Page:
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Kerosene or paraffin oil (British English, not to be confused with the waxy solid also called paraffin wax or just paraffin) is a colorless flammable hydrocarbon liquid. The name is derived from Greek "keros" (κηρός wax).

Kerosene releases heat when burned, making it useful as a fuel. Its heating value, or heat of combustion, is around 18,500 Btu/lb, or 43.1 MJ/kg, making it similar to that of diesel.


[edit] Distillation

Kerosene is obtained from the fractional distillation of petroleum at 150 °C and 275 °C (carbon chains from the C12 to C15 range).

Typically, kerosene directly distilled from crude oil requires some treatment, either in a Merox unit or a hydrotreater, to reduce its sulfur content and its corrosiveness. Kerosene can also be produced by a hydrocracker, which is used to upgrade the parts of crude oil that would otherwise only be good for fuel oil.

Kerosene was first refined from a naturally-occurring asphaltum called Albertite by Abraham Gesner in 1846, founding the modern petroleum industry in the process. Gesner went on to establish his Kerosene Gaslight Company to market kerosene around the world in 1850. Scottish chemist James Young built the first truly commercial oil-works in the world at Bathgate in 1851, using oil extracted from locally mined Torbanite, shale and bituminous coal. Polish chemist Ignacy Łukasiewicz discovered the means of refining kerosene from the less expensive seep oil in 1856. The widespread availability of cheaper kerosene was the principal factor in the precipitous decline in the whaling industry in the mid- to late 19th century, as the leading product of whaling was oil for lamps.

[edit] Uses

At one time it was widely used in kerosene lamps and lanterns. These were superseded by the electric light bulb and flashlights powered by dry cell batteries. Now it is mainly used in fuel for jet engines (more technically Avtur, Jet-A, Jet-A1, Jet-B, JP-4, JP-5, JP-7 or JP-8). A form of kerosene known as RP-1 is burned with liquid oxygen as rocket fuel. These fuel grade kerosenes meet specifications as to smoke points and freeze points.

In the early 1900's, kerosene was used as a cheap fuel for tractors. The engine would start on gasoline, then switch over to kerosene once the engine warmed up. A "heat valve" on the manifold would route the exhaust gasses around the intake pipe, heating the kerosene to the point where it can be ignited by a electrical spark.

It has been used to treat pools of standing water to prevent mosquitoes from breeding, notably in the yellow fever outbreak of 1905 in New Orleans.

Its use as a cooking fuel is mostly restricted to some portable stoves for backpackers and to less developed countries, where it is usually less refined and contains impurities and even debris. It can also be used to remove lice from hair, but this practice is painful and potentially very dangerous.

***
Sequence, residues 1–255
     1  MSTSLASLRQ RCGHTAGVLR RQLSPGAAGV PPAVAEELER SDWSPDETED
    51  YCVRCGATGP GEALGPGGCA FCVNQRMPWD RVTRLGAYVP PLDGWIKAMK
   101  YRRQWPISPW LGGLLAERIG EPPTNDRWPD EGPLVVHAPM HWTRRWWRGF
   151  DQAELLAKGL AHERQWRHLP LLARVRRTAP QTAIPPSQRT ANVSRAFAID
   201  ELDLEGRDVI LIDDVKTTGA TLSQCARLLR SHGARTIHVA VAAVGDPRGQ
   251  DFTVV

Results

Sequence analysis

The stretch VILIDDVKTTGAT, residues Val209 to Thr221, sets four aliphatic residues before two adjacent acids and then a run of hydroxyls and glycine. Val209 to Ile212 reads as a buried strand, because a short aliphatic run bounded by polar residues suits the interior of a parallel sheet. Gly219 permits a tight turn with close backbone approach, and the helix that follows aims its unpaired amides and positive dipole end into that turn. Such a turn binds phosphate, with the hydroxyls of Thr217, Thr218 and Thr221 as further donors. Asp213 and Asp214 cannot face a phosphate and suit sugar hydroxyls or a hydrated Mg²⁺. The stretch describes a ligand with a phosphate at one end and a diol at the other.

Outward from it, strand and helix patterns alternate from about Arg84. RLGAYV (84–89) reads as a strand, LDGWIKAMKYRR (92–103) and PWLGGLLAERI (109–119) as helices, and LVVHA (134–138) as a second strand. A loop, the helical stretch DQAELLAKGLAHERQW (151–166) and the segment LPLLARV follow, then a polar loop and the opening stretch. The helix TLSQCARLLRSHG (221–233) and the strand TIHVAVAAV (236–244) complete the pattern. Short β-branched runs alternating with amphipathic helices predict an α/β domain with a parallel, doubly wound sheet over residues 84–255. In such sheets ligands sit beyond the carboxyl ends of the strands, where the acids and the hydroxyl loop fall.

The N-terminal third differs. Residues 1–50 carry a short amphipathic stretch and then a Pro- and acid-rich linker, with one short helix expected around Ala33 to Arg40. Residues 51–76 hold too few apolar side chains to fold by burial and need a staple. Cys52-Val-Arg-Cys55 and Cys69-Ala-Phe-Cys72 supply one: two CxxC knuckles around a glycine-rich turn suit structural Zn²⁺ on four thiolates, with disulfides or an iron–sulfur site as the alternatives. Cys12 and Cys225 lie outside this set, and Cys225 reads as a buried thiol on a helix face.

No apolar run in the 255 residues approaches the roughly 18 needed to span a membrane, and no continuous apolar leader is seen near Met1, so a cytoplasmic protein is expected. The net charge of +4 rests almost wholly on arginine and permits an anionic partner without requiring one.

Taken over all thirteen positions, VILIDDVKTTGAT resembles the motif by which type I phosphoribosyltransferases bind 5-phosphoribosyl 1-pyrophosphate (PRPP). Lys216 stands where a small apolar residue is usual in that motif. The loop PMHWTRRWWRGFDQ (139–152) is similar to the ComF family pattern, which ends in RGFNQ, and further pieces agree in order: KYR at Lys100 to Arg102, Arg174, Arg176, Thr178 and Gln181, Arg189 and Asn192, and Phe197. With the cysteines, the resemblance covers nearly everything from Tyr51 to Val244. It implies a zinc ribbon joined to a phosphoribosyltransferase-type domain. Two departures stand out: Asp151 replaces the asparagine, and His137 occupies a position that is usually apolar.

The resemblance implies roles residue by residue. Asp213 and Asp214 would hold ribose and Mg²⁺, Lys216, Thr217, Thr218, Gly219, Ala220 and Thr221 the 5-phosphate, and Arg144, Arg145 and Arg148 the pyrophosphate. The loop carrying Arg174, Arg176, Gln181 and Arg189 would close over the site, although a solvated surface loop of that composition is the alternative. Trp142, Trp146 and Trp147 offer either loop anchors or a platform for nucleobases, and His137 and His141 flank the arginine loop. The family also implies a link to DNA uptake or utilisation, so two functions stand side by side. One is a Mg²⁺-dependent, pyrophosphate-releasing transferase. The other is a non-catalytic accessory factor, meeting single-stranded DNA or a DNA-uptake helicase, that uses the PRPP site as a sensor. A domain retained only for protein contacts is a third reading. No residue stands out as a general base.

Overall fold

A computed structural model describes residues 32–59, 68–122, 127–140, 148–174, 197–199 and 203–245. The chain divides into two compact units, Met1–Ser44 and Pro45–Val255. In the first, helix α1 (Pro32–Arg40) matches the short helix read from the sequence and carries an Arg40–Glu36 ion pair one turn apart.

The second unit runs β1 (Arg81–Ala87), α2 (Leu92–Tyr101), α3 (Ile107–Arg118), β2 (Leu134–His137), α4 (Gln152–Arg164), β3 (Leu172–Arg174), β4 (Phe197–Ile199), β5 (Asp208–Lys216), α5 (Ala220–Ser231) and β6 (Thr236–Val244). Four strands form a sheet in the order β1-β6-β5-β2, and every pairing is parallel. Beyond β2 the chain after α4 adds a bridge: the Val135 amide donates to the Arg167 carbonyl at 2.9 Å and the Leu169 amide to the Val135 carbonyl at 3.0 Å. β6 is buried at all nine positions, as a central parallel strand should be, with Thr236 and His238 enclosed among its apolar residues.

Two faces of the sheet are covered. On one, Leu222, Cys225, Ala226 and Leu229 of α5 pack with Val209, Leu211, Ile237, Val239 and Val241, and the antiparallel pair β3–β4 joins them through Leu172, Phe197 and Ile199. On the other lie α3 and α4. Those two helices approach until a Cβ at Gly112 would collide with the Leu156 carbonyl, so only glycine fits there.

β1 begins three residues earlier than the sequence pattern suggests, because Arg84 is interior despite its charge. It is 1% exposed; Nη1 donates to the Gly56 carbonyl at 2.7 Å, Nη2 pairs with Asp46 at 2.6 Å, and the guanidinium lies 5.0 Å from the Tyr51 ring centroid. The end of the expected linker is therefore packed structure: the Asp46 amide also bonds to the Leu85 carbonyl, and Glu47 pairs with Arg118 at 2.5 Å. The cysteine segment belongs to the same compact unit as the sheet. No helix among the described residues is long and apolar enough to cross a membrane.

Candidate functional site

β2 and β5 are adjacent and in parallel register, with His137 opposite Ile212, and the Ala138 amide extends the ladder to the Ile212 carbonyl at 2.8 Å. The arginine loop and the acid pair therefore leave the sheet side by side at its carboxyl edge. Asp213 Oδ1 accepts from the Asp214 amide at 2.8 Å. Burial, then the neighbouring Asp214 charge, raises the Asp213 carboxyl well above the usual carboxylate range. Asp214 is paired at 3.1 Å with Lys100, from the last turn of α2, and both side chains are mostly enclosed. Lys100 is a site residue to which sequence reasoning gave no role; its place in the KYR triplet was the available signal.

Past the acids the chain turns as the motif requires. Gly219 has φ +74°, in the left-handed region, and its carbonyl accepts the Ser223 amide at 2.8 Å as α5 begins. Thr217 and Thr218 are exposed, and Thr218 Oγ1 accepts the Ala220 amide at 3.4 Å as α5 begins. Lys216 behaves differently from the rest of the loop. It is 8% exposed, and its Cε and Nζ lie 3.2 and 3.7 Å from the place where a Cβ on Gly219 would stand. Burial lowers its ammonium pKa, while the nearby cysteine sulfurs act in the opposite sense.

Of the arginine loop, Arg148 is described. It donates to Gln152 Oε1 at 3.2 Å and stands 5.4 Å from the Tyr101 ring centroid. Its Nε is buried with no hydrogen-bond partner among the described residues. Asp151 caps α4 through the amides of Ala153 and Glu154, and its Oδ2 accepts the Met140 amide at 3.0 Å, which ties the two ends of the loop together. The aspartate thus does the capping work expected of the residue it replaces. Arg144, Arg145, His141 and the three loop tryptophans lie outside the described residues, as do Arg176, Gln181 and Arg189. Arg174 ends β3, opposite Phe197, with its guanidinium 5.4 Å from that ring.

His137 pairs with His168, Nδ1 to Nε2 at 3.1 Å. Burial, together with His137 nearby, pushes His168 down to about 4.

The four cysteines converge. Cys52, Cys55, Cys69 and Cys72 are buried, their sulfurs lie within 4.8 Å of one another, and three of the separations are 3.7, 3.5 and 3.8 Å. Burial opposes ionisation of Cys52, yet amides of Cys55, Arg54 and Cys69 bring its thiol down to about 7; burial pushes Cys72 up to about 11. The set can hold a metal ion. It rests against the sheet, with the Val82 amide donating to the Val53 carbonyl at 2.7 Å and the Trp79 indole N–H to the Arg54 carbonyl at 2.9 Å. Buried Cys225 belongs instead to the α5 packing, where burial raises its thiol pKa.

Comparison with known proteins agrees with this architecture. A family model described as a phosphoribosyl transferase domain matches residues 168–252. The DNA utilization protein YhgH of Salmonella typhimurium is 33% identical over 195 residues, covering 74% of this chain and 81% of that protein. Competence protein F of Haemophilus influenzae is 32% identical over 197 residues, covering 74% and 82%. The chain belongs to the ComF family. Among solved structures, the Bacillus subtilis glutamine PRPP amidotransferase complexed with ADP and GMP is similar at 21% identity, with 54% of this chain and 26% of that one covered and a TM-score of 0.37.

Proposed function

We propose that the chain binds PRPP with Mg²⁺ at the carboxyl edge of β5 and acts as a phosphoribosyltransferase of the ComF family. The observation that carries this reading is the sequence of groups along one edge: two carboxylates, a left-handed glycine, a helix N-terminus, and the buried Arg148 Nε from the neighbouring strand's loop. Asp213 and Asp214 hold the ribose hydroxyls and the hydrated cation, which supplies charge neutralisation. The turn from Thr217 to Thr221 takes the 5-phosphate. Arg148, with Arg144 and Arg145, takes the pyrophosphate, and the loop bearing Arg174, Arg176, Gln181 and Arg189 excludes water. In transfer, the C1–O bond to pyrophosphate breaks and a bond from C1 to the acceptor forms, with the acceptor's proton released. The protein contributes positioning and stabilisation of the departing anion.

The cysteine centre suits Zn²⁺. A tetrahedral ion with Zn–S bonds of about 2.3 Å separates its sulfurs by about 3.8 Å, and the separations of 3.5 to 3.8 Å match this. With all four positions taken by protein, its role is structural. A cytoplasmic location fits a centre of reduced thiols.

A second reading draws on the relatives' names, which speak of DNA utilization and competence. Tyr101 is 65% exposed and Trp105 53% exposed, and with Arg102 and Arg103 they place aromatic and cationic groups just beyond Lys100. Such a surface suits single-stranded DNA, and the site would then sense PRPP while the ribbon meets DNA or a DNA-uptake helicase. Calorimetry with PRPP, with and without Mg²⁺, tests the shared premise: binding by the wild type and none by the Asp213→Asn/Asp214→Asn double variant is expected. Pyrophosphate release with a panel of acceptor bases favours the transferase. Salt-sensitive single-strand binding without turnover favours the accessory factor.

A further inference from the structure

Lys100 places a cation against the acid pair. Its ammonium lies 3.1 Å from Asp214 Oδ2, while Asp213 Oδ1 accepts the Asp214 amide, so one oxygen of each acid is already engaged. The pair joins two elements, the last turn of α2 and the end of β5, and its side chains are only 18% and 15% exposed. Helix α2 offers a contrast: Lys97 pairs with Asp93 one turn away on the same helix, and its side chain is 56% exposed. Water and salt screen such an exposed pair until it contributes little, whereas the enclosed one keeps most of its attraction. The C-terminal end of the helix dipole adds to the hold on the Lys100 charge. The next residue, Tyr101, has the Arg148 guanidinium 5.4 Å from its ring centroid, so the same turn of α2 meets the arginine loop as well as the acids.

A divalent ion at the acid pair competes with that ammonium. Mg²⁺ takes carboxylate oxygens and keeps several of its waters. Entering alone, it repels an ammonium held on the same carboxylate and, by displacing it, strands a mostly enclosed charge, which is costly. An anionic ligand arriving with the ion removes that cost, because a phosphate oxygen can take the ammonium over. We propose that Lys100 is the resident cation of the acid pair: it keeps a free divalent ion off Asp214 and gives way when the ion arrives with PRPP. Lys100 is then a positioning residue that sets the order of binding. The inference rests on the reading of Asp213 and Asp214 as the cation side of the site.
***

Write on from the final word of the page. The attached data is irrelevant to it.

As a heating fuel, it is often used in portable stoves, and is sold in some filling stations. It is sometimes used as a heat source during power failures. The use of portable kerosene heaters is not recommended for closed indoor areas without a chimney due to the danger of buildup of carbon monoxide gas.

Kerosene is widely used in Japan as a home heating fuel for portable and installed kerosene heaters. In Japan, kerosene can be readily bought at any filling station or be delivered to homes.

The Amish, who limit use of electric appliances for religious reasons, rely on kerosene for lighting and often purchase kerosene-powered versions of appliances such as refrigerators.

It is used as an organic solvent.

Kerosene is often used in the entertainment industry, as a fuel for fire dancing. Kerosene is not usually used as a fuel for indoor fire-dancing as it produces an unpleasant odour which becomes, in sufficient concentration, poisonous. In general such use of fire indoors is not common. Methanol is often used instead [citation needed], however it can be a more dangerous fuel because of its lower flash point, and it also produces less "impressive" flames.

More ubiquitous in the late 19th and early 20th centuries, kerosene space heaters were often built into kitchen ranges and kept many farm and fishing families warm and dry through the winter. At one time citrus growers used smudge pots fueled by kerosene to create a pall of thick smoke over a grove in an effort to prevent freezing temperatures from damaging crops. "Salamanders" were kerosene space heaters used on construction sites to dry out building materials and warm workers. Before the days of blinking electrically lighted road barriers, highway construction zones were marked at night by kerosene fired pot-bellied torches. Most of these uses of kerosene created thick black smoke because of the low temperature of combustion.

A notable exception, discovered in the early 19th century, is the use of a mantle above the wick on a kerosene lamp. Looking like a delicate woven bag above the woven cotton wick, the mantle was a residue of mineral material (thorium dioxide) which glowed white hot as it burned the volatile gases emanating from the blue flame at the base of the wick. These types of lamps are still in use today in areas of the world without electricity.

It is in some cases used to store substances with redox tendencies within to prevent unwanted reactions, such as alkali metals.

[edit] Common names

[edit] Less Common names

[edit] References


[edit] See also

[edit] External links

Look up kerosene in
Wiktionary, the free dictionary.

da:Petroleum de:Petroleum es:Queroseno eo:Keroseno fr:Kérosène id:Minyak tanah it:Cherosene he:קרוסין la:Petroleum nl:Kerosine ja:ケロシン no:Parafin nn:Parafin pl:Nafta pt:Querosene ru:Керосин simple:Kerosene fi:Petroli sv:Fotogen vi:Dầu hỏa tr:Gazyağı


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